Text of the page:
How to Get All the Way to Done

“Nothing is so fatiguing as the eternal hanging on of an uncompleted task”
William James

“Much of the stress that people feel doesn’t come from having too much to do. It comes from not finishing what they started.”
David Allen

Simply getting started and taking action instead sitting around and discussing things or theorizing about them is one of the most common things that are stopping people from improving their lives.

But to keep going until something is finished can also be a big issue (it has certainly been so at times for me at least).

I have however found a couple of good solutions that help me. Today I would like to share 3 of them.

But first, just be careful with what tasks you aim to get done. Don’t think you have to finish everything you started. If a book sucks, read something else. Using this as an excuse to quit something that feels hard or unfamiliar is not a good idea. But there is no law that says that everything has to be completed.

Go for good enough.

One pretty big issue for me in the past was that I wanted to polish everything until it was “perfect”. The problem is just that such thinking often leads to many things not ever being finished.

So you have to find a balance for yourself where you do good work and don’t slack off but at the same time don’t get lost in trying to improve and polish something too much.

I have found that balance through experience.

It is also very important to be aware that nothing will ever be perfect. Striving for perfection can be pretty dangerous. Because you will never feel like you are good enough.

You have set the bar at an inhuman level. And so your self esteem stays low even though your results may be very good.

So just focus on gradually being more consistent instead trying to be perfect.

Realize that good enough is good enough. And that goes both for your work and for you.

Set a deadline.

Last year I set a deadline for when my second e-book should be finished. I had realized that just working on it and releasing it when it was done would not work. Because I could always find stuff to add to it. So I had to set a deadline. Sure, I still missed it by a few days but finally I did the last part of the work and was done with it.

Setting a deadline gave me a kick in the butt and it is generally a good way to help you to let go of a need to polish things a bit too much.

Use limits and rituals to keep your focus during the home stretch.

The last part of a project or a task can often feel pretty hard and it is easy to get lost in procrastination. By setting limits for how often you check email each day, how much time you spend on social networks and forums, how much time you take to make small everyday decisions you can over a month or two develop these things into habits that run automatically most of the time.

I limit my own checking of email, Facebook, blog statistics etc. to one ritual at the end of my workday where I just string all the checking together into one 20-30 minute session. This allows me to get the creative parts and the most important tasks of the day done early in the day when I am rested and focused and it prevents me from getting lost in everything else.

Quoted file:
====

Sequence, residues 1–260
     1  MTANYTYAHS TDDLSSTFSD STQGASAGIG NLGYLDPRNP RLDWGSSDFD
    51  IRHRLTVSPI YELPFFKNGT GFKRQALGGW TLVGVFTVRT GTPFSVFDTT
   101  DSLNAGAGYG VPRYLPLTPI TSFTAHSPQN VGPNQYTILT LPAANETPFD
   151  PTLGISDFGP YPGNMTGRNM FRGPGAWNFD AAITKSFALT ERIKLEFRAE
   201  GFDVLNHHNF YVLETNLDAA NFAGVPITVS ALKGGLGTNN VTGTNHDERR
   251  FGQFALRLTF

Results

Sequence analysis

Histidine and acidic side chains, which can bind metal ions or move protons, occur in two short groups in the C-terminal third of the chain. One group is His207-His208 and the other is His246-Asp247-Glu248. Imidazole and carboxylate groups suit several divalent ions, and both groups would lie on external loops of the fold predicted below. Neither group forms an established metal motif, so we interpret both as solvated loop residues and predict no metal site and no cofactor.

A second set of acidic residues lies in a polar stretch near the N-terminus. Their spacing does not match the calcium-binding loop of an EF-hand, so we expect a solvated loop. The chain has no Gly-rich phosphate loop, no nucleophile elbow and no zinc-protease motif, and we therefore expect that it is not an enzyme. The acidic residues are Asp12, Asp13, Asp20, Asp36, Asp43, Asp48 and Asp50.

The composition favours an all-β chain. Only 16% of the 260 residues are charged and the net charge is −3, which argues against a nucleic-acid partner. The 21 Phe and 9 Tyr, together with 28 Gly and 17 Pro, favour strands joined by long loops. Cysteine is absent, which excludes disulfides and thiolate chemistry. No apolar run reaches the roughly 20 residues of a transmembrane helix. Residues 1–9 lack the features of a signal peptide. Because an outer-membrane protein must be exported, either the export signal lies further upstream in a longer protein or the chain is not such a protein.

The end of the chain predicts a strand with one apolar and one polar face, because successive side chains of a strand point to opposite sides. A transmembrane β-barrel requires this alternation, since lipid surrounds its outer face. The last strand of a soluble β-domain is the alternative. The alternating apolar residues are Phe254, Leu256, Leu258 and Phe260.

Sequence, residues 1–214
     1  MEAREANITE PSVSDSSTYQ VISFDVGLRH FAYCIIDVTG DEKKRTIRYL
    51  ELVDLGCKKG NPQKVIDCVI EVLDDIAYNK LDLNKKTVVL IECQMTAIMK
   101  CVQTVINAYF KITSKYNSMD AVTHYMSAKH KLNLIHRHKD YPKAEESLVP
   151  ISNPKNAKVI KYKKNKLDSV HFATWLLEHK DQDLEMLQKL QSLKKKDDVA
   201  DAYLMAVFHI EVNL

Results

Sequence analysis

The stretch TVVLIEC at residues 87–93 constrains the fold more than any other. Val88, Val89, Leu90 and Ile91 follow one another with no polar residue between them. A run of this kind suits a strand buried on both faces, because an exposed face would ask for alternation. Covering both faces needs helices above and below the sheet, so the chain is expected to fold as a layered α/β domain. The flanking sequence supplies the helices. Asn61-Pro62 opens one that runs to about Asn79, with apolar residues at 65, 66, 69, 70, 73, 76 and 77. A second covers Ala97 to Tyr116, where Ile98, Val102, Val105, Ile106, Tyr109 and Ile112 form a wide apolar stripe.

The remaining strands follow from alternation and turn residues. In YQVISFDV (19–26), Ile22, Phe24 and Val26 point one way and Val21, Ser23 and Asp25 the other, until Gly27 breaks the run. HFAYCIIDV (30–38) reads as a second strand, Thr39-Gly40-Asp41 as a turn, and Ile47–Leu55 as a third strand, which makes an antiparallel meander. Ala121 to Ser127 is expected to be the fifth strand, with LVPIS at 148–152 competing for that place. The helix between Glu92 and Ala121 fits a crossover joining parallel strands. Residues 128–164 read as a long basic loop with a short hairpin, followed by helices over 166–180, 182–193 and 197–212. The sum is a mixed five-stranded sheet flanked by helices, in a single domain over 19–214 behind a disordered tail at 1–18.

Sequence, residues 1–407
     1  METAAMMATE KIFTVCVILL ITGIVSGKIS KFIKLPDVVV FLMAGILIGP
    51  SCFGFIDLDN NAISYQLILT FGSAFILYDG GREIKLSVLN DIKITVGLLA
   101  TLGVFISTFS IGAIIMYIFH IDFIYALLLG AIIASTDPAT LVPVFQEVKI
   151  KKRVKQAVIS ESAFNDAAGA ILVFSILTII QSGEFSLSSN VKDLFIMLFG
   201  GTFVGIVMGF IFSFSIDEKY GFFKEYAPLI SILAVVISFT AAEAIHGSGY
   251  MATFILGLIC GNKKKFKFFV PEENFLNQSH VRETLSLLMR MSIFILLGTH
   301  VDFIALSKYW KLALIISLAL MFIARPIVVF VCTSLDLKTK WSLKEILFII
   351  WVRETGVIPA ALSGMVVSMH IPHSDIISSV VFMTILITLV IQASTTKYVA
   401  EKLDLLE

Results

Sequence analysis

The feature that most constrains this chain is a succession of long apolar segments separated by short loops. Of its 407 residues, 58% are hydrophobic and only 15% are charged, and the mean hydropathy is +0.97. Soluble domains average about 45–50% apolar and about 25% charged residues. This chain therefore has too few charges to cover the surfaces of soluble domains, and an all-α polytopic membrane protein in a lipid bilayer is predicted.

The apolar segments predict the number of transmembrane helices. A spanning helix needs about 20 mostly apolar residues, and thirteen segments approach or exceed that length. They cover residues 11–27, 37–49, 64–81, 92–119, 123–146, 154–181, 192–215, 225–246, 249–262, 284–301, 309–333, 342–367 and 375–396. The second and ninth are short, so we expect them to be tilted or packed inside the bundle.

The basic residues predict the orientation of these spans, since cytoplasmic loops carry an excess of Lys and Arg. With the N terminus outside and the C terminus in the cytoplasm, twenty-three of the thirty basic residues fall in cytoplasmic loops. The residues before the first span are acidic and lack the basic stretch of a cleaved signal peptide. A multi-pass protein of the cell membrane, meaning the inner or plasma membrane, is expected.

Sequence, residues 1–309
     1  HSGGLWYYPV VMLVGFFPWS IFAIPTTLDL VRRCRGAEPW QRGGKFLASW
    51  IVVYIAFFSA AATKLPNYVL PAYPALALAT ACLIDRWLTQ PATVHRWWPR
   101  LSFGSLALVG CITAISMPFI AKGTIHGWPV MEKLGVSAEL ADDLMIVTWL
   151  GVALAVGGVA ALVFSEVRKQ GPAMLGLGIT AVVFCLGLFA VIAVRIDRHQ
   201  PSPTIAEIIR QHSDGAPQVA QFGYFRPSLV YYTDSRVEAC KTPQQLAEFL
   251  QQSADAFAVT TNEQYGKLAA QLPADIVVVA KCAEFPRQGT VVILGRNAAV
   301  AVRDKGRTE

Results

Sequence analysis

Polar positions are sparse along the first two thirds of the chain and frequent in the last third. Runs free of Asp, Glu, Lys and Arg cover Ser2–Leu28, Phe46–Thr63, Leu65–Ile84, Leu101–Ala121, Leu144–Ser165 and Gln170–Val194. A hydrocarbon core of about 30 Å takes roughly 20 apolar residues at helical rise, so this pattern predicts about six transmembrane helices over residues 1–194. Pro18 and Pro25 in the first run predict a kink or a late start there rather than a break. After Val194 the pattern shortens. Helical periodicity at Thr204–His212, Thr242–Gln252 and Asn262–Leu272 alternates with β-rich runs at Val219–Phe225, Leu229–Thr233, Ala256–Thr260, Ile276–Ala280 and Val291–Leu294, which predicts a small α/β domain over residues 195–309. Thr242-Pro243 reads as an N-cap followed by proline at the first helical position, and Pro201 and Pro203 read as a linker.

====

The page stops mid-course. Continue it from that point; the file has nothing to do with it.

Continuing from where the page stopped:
By incorporating limits like these into your lifestyle you are less likely to get distracted during the last part of the work and you can keep your eye on what’s important.

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About the Author

Henrik Edberg is the creator of the Positivity Blog and has written weekly articles here since 2006. He has a bachelor’s degree in journalism from the University of Gothenburg and has been featured on Lifehacker, HuffPost and Paulo Coelho’s blog. Click here to learn more…

Comments on this entry are closed.

  • That last bit of a project is always the most challenging! It’s smart to limit email, social networks and other distractions. Tough but necessary.

  • Henrik,

    Walking away (having a break) is also a good way to finish your tasks.

    When you do this, you get your brains recharged with creative energy and you are motivated to finish the task you were working on.


  • I definitely know how it feels to know you don’t have enough time to finish things. When being meticulous is part of who you are, finding time to “polish” the tasks you care most about can be stressful. The information in this post was really helpful!

  • Kristen B.

    I like your post because you provide so much insights on how am I going to increase my focus on my priorities. Perhaps I should give myself deadlines so that I could motivate myself in focusing on my work instead of distractions. I should also learn how to limit my checking of social networking sites to increase my work productivity.

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  • Gosh, on this grey day with lots to do, maybe I am with Timo – a holiday sounds good! Then again, it is more to organise ;-)
    Sometimes it would be nice if we could delegate some of the more tedious, time-consuming tasks, so that one can focus on the really juicy ones…

  • I always set a daily work goal and then let myself stop when I’ve completed it. That way I don’t get burned out.